During Delta’s quarterly investors’ call this week, mothership brass revealed a surge in premium seat purchases. But more cushy seats sold = fewer seats for Medallions to enjoy complimentary upgrades.
Delta CEO Ed Bastian noted (via Business Insider‘s David Slotnick) 65-70% of premium cabin seats are purchased by travelers. That’s a sharp increase from eight years ago — when Delta sold only 13% of its domestic first class inventory.
The airline is pushing first class buy-ups more aggressively than before. SkyMiles are treated as currency to purchase upgrades. And don’t forget the $2 upgrade opportunity a Delta flyer enjoyed.
But complimentary upgrades are a huge perk of elite status — and Delta knows it.
As a Medallion Member, we know upgrades are important to you.
With upgrades on the decline, what can help you “buy” first class seats without breaking the bank?
Save on Delta First Class Seats – With Points
There are several ways points and miles can get you upgraded to first class.
Upgrade Using Points
But like other awards (tickets, Global or Regional Upgrades, etc), inventory can be very limited. And you may spend a lot of time on the waitlist.
If you want to buy a guaranteed first class seat, we have a couple more options.
“Buy up” Using SkyMiles
When you purchase a Main Cabin or C+ plus seat for a Delta flight, you’ll likely be given the chance to purchase a first class upgrade.
Delta SkyMiles members can — inventory allowing — purchase “cash” upgrades at a rate of one SkyMile = one cent.
In the above example, my upcoming flight from Burbank to Salt Lake City would run about 15,256 SkyMiles for a first class upgrade.
Want First? Buy First! (Using American Express Membership Rewards Points)
You can apply American Express Membership Rewards points toward airfares purchased through AmexTravel.com. Like SkyMiles, MRs are worth a cent each when applied to airline ticket purchases. If you’re MR points-rich and really want first class, consider this option. Plus, these qualify as cash/paid tickets — earning all applicable MQM, MQS, MQD. and SkyMiles.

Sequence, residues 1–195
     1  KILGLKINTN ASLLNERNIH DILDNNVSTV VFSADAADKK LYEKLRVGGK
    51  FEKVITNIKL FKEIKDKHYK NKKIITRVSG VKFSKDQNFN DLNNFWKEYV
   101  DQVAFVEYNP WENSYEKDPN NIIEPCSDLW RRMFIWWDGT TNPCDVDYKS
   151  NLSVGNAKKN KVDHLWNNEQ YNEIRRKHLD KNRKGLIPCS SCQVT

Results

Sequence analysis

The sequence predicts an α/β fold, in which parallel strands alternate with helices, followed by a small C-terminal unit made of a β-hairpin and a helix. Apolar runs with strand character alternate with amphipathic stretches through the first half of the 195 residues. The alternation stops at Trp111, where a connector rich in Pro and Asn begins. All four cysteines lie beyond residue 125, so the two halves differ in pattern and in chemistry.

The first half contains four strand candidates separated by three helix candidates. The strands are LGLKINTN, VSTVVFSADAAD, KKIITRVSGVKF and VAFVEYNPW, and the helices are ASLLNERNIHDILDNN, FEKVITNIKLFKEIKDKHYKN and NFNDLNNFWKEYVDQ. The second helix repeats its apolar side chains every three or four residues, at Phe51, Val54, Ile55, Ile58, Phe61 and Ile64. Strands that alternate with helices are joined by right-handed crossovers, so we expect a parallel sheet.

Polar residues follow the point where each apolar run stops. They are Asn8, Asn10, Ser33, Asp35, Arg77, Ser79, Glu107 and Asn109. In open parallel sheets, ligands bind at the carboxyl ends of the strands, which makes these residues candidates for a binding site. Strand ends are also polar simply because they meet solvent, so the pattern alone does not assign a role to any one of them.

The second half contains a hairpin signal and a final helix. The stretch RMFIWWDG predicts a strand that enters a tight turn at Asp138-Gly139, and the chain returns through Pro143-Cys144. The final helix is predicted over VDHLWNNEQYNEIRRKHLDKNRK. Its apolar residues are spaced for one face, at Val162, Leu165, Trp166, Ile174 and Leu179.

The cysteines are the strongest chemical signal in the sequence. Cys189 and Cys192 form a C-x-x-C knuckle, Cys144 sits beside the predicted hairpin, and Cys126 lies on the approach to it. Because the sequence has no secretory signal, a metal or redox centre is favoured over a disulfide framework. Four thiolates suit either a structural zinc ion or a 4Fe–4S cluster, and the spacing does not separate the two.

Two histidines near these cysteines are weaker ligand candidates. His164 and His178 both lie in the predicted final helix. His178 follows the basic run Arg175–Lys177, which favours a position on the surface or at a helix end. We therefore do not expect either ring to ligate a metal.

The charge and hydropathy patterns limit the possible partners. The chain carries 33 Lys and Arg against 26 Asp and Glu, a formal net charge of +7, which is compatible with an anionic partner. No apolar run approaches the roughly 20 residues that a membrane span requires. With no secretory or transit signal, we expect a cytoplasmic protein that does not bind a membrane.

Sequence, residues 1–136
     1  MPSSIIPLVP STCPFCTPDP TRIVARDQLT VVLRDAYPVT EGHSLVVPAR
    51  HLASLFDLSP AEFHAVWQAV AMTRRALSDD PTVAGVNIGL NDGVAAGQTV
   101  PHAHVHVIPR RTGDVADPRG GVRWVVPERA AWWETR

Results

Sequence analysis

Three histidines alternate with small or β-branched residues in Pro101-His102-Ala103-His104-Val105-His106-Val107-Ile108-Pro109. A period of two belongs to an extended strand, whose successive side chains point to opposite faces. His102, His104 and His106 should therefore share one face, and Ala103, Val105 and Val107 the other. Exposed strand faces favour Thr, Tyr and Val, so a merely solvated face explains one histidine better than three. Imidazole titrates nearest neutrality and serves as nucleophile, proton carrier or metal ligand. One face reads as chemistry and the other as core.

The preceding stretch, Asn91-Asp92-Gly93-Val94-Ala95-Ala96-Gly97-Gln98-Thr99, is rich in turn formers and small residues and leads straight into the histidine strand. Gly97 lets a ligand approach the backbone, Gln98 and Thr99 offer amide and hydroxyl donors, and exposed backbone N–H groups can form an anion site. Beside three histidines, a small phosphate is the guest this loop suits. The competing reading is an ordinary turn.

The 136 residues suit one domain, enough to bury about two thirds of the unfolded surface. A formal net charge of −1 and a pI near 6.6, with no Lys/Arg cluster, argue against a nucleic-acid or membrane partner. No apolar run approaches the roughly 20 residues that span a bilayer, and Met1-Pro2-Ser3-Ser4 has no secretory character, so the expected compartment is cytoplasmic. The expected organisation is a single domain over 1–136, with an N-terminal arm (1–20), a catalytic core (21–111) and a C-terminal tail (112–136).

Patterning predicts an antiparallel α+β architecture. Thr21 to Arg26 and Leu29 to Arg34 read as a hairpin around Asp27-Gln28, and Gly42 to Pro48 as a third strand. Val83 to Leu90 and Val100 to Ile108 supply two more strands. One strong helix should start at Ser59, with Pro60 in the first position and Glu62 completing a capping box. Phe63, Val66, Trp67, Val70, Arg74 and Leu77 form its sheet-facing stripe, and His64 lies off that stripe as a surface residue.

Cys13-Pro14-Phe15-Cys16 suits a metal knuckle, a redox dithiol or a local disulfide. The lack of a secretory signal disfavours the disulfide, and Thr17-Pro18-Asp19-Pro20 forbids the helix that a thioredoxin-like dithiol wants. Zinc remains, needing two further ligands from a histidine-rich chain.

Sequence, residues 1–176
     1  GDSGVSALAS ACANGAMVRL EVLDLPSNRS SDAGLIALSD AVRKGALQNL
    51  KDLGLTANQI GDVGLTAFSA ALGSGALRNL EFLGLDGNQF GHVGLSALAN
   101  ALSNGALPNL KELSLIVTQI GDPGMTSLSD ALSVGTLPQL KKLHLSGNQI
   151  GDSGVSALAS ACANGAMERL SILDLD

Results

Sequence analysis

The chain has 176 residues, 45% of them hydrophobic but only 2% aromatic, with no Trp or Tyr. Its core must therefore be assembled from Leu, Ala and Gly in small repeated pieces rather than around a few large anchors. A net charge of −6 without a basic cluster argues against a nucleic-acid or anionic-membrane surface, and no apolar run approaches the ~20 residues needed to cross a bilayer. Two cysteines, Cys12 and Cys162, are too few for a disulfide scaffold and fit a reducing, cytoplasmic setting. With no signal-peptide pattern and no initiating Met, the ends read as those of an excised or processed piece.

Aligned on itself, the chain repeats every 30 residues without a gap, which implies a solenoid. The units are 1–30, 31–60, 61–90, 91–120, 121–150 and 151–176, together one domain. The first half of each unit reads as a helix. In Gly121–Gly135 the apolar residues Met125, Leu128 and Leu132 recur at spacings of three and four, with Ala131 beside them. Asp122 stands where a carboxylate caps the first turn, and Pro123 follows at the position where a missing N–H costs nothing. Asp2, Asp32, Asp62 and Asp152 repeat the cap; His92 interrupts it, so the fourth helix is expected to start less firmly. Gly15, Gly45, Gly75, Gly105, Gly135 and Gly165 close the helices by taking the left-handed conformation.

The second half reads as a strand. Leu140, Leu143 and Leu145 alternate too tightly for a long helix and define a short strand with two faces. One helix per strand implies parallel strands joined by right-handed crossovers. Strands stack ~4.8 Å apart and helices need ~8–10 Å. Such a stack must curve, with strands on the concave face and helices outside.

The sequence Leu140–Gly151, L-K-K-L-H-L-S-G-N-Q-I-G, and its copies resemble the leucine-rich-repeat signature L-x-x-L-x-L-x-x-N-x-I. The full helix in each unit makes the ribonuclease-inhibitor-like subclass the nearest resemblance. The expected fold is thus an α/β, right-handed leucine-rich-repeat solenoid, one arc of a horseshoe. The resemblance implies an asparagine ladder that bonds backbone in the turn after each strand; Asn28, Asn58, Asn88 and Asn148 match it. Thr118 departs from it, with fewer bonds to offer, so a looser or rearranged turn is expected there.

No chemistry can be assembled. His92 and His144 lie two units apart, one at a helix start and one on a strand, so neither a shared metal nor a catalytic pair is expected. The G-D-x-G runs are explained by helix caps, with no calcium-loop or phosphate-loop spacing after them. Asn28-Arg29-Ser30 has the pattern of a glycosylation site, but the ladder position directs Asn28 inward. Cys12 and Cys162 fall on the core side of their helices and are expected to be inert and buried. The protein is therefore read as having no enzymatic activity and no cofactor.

But here’s where it gets interesting — if you have the right Amex card.
The American Express Business Platinum card (read more about this card) gives cardholders a 35% refund when paying with points. (Cardholders must select a preferred airline — such as Delta — to use for coach tickets or purchase an eligible first or business class seats to receive the benefit.)
A $1000 first class ticket paid entirely with 100,000 MR points would ultimately cost the cardholder 65,000 points. Again, these trips code as cash tickets — allowing a nice scoop of MQM and MQD (and SkyMiles).
Frankly, the 35% rebate perk is reason enough for me to hold on to my Amex Business Platinum card (learn more about this card).
Increase Your Upgrade Chances with an American Express Delta Reserve Card
If using cash or points for first class seat purchases isn’t your jam, remember the American Express Delta Reserve Card personal (learn more) and business cards (learn more) serve as a tie-breaker in the upgrade hierarchy (after Medallion status and fare class). My dad noticed a spike in upgrades once he became an American Express Delta Reserve Card personal cardholder (learn more).
What Do You Think?
Is Delta’s huge increase in first class sales a temporary boon? Or are complimentary upgrades on the way out?
Please us your thoughts in the Comments section below! — Chris